Marque mixers drive us to double vision

What’s in a name? Do some car badges shine brighter than others?

Badge engineering - different nameplates on essentially the same vehicle - is often an unbalanced partnership.

Holden sold more Commodores than the re-badged Toyota Lexcen in the 1990s. Nissan sold more four-wheel drive Patrols than Ford sold Mavericks, but then Ford sold more Falcon utes than the Nissan Ute from 1988 to 1991.

These double-ups were attempts to rationalise the Australian car business under the federal Button plan. Sharing vehicles between rival manufacturers fills gaps - often temporarily - in a line-up. It saves a mountain of money and may keep loyal customers in the family.

And sometimes a vehicle’s development and product is shared between competitors. Perhaps the best of current shared vehicle examples are the Ford Ranger and Mazda BT-50 utes.

For some years Ford took BT-50s and re-badged them as Ford Couriers and then as Rangers; Ford Australia didn’t have a four-wheel drive one-tonner on their books.

Then in the early 2000s, knowing the venerable Falcon ute was due to be parked forever, Ford began developing an all-new model with Mazda.

Much has been said, and written, about the ute and Ford Australia praised, rightly so, for this new-age Ranger. But there was a band of Mazda engineers working on the project here too; after all this was Ford’s first shot at a full range of two and four-wheel drive one-tonners.

So the Ranger and the BT-50 share the same five-cylinder diesel (now with some minor changes by Ford), the same size bodies (albeit with different styles) and the same chassis (with slight variations in tuning).

Yet the dearer Ford outsells the Mazda big time - in 2017 it was almost 37,000 Rangers to just over 13,000 BT-50s. It can’t be just the Mazda’s style – considered a bit soft by some.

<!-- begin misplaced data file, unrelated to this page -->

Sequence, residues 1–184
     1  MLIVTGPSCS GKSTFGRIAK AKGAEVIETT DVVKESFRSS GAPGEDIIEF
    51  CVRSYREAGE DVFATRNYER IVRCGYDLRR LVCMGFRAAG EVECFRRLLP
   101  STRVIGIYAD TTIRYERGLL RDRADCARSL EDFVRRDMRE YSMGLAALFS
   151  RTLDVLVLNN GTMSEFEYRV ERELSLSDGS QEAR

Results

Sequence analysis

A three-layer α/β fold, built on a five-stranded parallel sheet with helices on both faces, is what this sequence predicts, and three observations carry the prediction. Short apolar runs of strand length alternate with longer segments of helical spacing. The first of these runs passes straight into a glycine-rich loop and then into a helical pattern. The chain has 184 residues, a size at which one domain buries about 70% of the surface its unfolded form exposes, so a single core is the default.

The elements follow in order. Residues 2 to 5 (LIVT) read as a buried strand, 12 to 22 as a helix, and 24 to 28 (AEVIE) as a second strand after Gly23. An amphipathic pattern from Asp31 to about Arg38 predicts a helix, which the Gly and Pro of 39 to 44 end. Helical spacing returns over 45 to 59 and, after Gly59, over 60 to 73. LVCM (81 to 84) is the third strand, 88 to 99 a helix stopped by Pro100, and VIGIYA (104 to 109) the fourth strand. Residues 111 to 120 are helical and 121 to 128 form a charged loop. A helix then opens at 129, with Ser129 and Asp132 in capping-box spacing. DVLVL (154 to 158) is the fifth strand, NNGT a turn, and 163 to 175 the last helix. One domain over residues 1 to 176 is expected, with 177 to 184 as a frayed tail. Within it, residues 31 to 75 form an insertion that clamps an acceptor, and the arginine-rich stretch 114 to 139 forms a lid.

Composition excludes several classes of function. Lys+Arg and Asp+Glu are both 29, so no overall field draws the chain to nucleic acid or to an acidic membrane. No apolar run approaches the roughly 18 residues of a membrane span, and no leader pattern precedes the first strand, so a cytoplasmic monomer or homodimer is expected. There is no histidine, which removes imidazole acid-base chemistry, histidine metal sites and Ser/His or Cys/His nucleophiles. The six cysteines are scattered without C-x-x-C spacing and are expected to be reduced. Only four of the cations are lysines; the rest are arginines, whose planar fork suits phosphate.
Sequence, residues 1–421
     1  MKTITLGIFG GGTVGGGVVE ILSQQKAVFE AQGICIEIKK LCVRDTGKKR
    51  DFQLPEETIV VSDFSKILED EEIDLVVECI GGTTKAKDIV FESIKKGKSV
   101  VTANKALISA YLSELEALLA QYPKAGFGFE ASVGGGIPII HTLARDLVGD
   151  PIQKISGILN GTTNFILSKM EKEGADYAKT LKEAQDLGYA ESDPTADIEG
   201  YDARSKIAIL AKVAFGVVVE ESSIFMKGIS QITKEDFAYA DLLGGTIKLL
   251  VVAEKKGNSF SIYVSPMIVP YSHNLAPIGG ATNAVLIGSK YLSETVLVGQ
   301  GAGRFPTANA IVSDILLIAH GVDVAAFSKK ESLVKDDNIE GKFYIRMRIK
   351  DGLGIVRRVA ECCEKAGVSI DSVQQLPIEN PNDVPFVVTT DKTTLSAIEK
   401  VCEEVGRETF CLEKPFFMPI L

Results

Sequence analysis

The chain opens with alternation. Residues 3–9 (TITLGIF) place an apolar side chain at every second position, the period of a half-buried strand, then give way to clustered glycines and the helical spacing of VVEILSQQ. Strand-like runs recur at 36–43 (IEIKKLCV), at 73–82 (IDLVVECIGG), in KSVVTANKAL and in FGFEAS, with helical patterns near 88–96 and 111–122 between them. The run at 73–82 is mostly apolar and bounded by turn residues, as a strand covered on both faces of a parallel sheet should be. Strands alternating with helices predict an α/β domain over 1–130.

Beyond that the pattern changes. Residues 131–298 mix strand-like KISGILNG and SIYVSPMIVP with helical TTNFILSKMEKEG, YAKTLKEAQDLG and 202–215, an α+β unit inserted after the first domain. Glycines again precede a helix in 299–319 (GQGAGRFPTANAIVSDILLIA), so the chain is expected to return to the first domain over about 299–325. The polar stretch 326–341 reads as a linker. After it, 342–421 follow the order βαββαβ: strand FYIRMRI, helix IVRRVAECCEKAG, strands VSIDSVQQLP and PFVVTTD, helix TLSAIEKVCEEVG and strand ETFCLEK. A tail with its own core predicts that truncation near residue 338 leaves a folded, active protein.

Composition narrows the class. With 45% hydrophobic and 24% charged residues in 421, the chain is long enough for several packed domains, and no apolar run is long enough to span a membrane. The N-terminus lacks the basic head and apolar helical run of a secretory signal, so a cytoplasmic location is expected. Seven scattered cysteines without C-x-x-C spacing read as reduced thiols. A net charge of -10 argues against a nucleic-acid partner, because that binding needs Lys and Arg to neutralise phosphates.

We’re also about to see a Mercedes-Benz dual cab ute engineered over and around Nissan’s Navara but in this case there would appear to be a wider range of mechanical and chassis differentiations than between the Ford and the Mazda.

Then there’s the case of Toyota’s 86 coupe and Subaru’s BRZ, developed very much hand-in-hand and virtually identical in specification and style - yet last year Toyota sold 1619 86ers and Subaru sold 786 BRZs.  Toyota’s dealer network is wider of course, but this is a low-slung sports car best suited to coastal civilisations.

Never mind, both are fun machines running a Subaru boxer engine and chassis with some differences is suspension tune.

Subaru’s newest version is the BRZ tS from $39,894 for the six-speed manual version or $41,894 for a six-speed auto. The tS is the range-topper of the BRZs with reworked steering, suspension and brakes from Subaru’s STI performance arm.

It, like all BRZs and Toyota 86ers, is a fun package here with extra sporting flavour. Well-mannered chassis and steering responses mean every kilowatt of the BRZ’s 152kW is enjoyed; with maximum torque of 212Nm arriving at 6400rpm the BRZ does need to be given full stick for an all-out attack.

The bonus here - back seats will accommodate a couple of grandkids for quieter drives.